Lol. Gotta love a not helpful brand bashing post. Thanks for the help!!
    I already helped with an earlier post suggesting I would work on the blades and not the arbor. This was just an observation, if I wanted to bash a brand don't you think I would mention the brand?

  11. #26
    Join Date
    Jun 2005
    Location
    Shorewood, WI
    Posts
    768
    When you use the dado set, does it give a flatter bottomed dado than it did on the saw with a looser fit?

  12. #27
    Join Date
    Feb 2010
    Location
    Collegeville PA (30 min west of Philly)
    Posts
    671
    Quote Originally Posted by Alan Schwabacher View Post
    When you use the dado set, does it give a flatter bottomed dado than it did on the saw with a looser fit?
    Not that I have noticed.. then again, direct comparison is impossible at this point as my old saw lives with a retired guy in New Jersey :-) Dado stack and all other cuts worked great before and they work great still.

    Also, my other experiences installing blades were always very snug fits (never "looser")... snug-yet-doable. I'm currently in the so-snug-it's-barely-doable range. I'm just going to use light hand pressure with an extremely fine grit sand paper to ever so slightly "polish" the arbor threads, and then I can also wrap the same sand paper around a 1/2" dowel to very gently address each of my blades. I think that'll do it.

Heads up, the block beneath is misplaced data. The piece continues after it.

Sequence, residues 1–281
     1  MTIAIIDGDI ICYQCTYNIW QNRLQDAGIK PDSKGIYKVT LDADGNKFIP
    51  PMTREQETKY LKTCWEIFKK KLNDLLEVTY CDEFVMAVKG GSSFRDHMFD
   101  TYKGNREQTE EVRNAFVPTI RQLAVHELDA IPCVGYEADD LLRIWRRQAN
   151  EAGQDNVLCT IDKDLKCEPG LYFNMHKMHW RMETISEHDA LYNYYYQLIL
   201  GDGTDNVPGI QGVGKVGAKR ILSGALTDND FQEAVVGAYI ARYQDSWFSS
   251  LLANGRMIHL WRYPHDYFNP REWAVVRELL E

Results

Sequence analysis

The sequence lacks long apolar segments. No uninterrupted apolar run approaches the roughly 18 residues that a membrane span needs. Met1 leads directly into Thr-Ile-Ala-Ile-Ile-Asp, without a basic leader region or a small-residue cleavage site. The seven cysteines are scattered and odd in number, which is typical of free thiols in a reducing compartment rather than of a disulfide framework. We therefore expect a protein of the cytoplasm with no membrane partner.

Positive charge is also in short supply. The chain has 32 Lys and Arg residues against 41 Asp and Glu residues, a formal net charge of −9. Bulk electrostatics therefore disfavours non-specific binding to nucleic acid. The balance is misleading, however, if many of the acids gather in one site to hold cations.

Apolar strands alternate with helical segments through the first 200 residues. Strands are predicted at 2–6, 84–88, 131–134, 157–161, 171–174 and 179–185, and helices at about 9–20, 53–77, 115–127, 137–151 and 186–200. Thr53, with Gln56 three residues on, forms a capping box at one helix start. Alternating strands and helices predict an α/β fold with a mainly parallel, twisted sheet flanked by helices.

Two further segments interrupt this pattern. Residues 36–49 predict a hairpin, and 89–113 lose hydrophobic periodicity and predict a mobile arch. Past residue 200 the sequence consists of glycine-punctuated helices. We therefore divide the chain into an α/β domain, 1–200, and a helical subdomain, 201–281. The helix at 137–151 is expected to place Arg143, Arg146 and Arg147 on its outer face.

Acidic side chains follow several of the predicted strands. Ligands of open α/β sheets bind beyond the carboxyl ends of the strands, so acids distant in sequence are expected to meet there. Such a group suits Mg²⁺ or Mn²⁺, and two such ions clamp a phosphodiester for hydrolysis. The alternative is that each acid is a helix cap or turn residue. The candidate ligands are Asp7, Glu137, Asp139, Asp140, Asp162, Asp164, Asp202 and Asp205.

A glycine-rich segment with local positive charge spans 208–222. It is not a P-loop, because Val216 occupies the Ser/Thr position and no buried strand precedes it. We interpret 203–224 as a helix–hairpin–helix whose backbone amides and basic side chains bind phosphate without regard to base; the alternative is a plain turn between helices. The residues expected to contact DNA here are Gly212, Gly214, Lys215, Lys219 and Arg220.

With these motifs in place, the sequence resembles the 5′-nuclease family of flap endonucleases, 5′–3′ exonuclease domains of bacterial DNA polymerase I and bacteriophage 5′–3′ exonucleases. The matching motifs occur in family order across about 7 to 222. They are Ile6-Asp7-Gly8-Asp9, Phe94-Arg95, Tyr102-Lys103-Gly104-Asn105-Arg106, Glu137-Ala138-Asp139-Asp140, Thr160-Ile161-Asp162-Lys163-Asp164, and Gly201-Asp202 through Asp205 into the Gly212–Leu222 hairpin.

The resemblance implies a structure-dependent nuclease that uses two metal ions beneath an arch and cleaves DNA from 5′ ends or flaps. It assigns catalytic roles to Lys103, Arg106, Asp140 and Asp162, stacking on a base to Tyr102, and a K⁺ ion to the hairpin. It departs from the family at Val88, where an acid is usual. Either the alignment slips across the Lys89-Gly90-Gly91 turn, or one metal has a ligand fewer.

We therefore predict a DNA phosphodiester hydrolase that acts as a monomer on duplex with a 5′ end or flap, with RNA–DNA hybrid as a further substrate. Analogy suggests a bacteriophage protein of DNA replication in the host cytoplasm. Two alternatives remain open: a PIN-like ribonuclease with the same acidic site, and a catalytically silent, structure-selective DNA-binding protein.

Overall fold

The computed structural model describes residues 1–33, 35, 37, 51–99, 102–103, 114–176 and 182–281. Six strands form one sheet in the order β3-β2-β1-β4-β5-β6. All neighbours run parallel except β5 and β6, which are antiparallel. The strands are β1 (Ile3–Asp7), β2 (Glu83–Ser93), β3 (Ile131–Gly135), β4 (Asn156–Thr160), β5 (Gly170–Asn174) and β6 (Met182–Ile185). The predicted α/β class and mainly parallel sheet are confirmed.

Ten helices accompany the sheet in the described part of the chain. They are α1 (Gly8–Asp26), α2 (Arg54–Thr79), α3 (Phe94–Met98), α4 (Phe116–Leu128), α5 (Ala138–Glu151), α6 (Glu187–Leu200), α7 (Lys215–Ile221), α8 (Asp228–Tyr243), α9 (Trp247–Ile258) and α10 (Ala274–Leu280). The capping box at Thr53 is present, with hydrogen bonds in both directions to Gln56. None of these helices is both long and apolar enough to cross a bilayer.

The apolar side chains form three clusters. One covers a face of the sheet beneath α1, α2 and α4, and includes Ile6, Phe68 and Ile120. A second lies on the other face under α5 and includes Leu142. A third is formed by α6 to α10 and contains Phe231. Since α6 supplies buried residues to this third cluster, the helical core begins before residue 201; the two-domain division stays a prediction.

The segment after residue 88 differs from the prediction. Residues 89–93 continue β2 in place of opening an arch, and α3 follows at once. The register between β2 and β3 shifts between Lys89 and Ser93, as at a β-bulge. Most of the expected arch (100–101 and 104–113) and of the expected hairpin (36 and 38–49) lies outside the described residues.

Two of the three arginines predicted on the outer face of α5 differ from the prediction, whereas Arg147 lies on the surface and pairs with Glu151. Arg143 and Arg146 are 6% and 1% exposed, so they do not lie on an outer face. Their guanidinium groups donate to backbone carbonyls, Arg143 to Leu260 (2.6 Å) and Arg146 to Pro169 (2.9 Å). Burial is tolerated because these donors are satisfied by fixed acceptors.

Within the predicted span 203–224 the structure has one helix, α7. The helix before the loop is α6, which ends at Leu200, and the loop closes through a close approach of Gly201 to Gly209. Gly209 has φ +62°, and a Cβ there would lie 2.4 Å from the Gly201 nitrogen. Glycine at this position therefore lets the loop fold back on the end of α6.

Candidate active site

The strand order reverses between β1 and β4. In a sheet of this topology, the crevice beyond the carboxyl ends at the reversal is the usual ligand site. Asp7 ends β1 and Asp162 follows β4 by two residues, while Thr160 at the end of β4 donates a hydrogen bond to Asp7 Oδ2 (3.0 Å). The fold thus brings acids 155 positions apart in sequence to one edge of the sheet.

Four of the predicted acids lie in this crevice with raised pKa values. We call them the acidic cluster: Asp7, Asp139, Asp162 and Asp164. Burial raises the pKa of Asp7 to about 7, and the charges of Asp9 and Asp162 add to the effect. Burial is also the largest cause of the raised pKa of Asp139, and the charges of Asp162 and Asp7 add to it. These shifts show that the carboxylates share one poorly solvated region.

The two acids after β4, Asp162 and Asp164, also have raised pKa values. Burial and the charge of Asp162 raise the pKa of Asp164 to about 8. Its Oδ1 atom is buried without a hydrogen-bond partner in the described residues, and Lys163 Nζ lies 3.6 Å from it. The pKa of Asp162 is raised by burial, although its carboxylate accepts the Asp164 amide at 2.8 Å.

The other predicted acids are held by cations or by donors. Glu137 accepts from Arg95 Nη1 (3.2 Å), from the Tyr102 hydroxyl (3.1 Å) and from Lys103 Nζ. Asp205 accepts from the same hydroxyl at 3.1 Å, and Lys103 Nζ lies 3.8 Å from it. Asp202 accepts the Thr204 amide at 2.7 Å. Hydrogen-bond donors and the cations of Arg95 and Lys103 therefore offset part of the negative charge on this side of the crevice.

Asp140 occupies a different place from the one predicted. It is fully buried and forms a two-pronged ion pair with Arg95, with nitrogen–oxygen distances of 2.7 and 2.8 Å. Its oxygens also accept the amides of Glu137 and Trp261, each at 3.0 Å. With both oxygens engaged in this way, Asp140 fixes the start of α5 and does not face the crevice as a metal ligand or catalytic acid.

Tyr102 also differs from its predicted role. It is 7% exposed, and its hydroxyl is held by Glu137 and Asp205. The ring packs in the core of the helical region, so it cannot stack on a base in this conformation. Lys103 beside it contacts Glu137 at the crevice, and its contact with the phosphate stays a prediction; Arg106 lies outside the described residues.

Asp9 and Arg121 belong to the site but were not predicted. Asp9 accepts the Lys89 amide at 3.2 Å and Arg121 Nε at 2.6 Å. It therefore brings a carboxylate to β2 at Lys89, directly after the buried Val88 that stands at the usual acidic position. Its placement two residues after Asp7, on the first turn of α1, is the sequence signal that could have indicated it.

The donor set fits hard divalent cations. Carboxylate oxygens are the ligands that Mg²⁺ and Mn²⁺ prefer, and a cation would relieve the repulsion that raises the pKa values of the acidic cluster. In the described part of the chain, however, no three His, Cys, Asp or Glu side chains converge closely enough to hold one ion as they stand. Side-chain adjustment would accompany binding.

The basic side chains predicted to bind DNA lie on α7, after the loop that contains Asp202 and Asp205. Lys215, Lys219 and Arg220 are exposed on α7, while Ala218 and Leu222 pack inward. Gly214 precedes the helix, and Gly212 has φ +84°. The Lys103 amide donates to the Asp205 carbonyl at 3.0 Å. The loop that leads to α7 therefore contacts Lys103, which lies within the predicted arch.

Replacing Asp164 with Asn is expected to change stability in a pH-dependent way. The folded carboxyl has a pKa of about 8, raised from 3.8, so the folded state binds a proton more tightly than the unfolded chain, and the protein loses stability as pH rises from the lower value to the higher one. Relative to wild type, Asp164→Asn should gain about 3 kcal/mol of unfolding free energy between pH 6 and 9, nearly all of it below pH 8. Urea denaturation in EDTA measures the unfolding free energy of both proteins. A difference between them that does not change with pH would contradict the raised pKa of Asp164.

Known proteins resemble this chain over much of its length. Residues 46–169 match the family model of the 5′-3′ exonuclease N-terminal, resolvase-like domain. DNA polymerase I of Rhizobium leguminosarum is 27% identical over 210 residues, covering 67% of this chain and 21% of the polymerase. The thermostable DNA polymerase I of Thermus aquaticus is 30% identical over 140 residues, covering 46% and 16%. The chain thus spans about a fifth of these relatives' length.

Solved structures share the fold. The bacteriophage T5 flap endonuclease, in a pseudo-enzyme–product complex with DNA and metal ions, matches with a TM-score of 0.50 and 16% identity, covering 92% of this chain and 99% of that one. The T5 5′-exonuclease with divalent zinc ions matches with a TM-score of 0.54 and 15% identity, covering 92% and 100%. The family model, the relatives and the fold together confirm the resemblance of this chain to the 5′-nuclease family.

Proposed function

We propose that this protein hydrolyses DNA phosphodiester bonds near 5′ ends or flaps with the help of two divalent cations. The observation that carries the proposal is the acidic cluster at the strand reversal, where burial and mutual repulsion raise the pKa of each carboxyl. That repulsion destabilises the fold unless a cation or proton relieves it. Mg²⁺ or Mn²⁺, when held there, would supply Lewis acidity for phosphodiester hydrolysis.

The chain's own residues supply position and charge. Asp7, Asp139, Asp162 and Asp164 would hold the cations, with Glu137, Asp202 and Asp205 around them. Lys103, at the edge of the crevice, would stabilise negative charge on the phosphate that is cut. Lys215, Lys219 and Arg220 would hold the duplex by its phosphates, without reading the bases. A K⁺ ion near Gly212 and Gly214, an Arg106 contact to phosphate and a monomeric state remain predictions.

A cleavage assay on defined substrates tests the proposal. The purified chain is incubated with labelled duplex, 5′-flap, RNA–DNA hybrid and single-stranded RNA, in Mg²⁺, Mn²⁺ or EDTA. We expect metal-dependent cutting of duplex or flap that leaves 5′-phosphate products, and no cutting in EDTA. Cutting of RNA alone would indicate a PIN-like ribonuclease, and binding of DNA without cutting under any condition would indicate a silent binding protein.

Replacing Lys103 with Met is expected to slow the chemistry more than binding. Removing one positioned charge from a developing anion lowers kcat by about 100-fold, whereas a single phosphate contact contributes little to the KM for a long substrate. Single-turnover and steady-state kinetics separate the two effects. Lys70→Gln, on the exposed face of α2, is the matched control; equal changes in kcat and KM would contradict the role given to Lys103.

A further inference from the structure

- Bob R.
    Collegeville PA (30 minutes west of Philly)

  13. #28
    Join Date
    Aug 2017
    Location
    Arlington, TX
    Posts
    132
    My early '90's Unisaw (bought new) has always been tough to change blades.

    Especially my Freud dado blades are tight (mid 90's bought new), but my Freud carbide sawblades are a little bit easier.

    I'd rather they be a little snug than too loose!

    This is compared to either the cabinet table saw in HS WW shop class (unknown mfg, and old in the late 70s), or to my grandpa's Delta Tilting Arbor saw (not a Unisaw, it used a single flat, toothed belt) that he bought new in the late 60's or early 70's. Neither of these were sloppy, but also not tight enough to notice (at least to me at the time).

    Andy - Arlington TX

  14. #29
    Have you measured the diameter of the arbor where the tightness occurs? That's where I would start.

  15. #30
    Quote Originally Posted by Bob Riefer View Post
    Really? You think it should be so tight it's barely doable? I've changed blades on about a dozen saws over the years, and all have fit snugly and easily... In this case, I'm literally fighting with a blade for 5-10 minutes at time, trying different techniques, jiggle this way or that way, less pressure or more pressure, rotate it while installing, don't rotate while installing, cursing at it (that seemed to help).....
    That’s not right- I’ve never had that problem with my G1023. Did you contact tech support about that? I think carefully “sanding” the arbor down is your best bet.